Image courtesy Plús Hús

By Catherine Poslusny

As you age, things change, and you need different things from your home—even if you love it. You might want to downsize to save on money and maintenance; live closer to family or caregivers; or move to a more accessible situation. Each year, more and more older Americans face the same choice: stick with a beloved home that’s just not working anymore, or leave and endure the financial and emotional stress of moving, and perhaps a loss of independence. Accessory dwelling units (ADUs) offer a third option—one that helps seniors wanting to age in place—for economical, highly sustainable living.

ADUs are secondary, smaller living quarters added onto or next to an existing house on the same property. They’re sometimes called granny flats or mother-in-law suites or guest cottages. ADUs are different from “tiny homes”: the latter emphasizes homes on wheels and a less-rooted lifestyle.

ADUs have undergone a renaissance in recent years, especially in more urban environments, thanks to an aging US population and the rising cost of housing across the country. Beyond sustainability, ADUs can offer many benefits for homeowners as they age, plan for retirement, or adjust to new mobility issues. In fact, an ADU can reinforce closeness to family or caregivers; or provide a new income stream.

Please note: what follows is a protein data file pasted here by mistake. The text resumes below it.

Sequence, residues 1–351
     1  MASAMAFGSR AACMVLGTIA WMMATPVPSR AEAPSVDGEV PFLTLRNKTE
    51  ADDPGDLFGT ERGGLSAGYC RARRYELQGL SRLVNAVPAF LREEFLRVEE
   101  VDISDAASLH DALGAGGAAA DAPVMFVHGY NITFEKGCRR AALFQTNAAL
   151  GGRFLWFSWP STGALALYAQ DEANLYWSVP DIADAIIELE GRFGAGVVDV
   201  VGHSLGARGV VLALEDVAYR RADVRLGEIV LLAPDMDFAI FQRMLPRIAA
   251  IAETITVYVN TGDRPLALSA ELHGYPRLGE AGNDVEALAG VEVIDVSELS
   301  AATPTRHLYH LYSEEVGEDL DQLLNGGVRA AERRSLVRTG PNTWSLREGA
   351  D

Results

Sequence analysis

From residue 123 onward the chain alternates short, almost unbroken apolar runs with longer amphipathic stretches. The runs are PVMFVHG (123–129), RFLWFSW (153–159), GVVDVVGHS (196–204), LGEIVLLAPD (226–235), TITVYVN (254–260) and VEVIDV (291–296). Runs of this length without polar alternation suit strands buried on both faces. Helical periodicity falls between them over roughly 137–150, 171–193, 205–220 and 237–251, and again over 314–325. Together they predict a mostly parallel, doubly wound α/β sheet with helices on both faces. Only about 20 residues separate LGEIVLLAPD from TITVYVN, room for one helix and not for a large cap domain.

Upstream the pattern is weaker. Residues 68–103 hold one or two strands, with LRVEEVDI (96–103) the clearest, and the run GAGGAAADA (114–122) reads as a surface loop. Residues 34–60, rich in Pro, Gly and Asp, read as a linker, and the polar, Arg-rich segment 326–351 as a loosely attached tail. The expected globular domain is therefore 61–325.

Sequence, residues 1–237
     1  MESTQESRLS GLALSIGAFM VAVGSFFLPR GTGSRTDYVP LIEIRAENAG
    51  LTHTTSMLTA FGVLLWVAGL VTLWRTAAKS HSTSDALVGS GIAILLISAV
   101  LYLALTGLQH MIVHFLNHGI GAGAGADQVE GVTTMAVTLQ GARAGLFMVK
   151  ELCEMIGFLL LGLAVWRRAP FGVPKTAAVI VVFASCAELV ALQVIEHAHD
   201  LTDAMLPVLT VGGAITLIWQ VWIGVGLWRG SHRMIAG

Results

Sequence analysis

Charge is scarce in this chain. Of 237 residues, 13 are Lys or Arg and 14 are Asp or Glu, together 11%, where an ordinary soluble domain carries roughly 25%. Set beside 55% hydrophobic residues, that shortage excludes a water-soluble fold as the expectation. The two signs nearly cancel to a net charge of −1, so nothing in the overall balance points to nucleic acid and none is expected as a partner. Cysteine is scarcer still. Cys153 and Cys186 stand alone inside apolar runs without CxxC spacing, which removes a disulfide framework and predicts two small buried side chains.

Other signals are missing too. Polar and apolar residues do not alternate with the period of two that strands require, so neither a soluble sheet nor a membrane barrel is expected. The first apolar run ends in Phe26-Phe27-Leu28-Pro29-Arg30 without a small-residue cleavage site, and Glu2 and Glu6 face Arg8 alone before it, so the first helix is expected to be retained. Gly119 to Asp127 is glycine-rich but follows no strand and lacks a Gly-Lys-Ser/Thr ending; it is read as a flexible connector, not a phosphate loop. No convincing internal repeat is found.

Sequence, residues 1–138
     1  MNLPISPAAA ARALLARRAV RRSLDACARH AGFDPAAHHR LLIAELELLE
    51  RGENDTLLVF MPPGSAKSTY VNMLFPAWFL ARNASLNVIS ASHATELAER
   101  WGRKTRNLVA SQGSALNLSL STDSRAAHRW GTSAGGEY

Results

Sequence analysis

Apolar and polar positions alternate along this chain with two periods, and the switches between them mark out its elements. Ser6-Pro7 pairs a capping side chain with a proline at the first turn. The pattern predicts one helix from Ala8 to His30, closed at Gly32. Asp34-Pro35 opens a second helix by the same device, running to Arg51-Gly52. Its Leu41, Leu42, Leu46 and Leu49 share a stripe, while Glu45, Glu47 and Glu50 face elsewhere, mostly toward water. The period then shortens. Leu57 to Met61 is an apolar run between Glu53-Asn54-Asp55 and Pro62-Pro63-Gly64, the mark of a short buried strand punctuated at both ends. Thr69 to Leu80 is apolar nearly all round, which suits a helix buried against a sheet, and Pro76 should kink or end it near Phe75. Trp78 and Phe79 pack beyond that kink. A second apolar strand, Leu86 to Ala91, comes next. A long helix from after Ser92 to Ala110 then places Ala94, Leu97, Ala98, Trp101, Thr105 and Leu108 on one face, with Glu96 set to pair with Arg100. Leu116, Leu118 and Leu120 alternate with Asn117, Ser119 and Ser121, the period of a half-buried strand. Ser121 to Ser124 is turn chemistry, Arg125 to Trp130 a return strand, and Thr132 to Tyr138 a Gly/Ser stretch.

Seniors age in place with ADUs

In 2020, over 17% of Americans were 65 or older, and researchers expect that percentage to rise in the coming decades. And, older Americans often draw down their home equity to improve their retirement security, pay off high-interest debts, invest in home improvements, and make intergenerational investments like paying for their children’s education. As equity diminishes, it makes less sense to sell off this vital asset. Plus, with medical care costs, rental rates, and retirement home fees soaring, cash from a home sale may not stretch far.

An AARP survey found that 67% of adults would consider living in an ADU, and around 33% said they’d consider building one. That’s not surprising, given that investing in an ADU on their property gives older adults the flexibility to create a living arrangement that fits their specific requirements to age in place. Most importantly, they don’t have to leave familiar communities and neighbors.

Green, affordable living in a more manageable space